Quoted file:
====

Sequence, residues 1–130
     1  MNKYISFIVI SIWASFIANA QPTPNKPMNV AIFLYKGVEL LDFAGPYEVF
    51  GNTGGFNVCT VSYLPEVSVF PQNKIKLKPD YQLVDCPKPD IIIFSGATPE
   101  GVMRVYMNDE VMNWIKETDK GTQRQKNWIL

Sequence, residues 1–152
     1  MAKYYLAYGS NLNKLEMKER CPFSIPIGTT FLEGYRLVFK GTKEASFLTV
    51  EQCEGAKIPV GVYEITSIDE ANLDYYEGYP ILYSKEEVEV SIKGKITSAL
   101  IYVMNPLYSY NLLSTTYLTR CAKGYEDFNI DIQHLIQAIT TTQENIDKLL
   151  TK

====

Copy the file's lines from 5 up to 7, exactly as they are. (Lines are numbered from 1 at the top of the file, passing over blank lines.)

Sequence, residues 1–152
     1  MAKYYLAYGS NLNKLEMKER CPFSIPIGTT FLEGYRLVFK GTKEASFLTV
    51  EQCEGAKIPV GVYEITSIDE ANLDYYEGYP ILYSKEEVEV SIKGKITSAL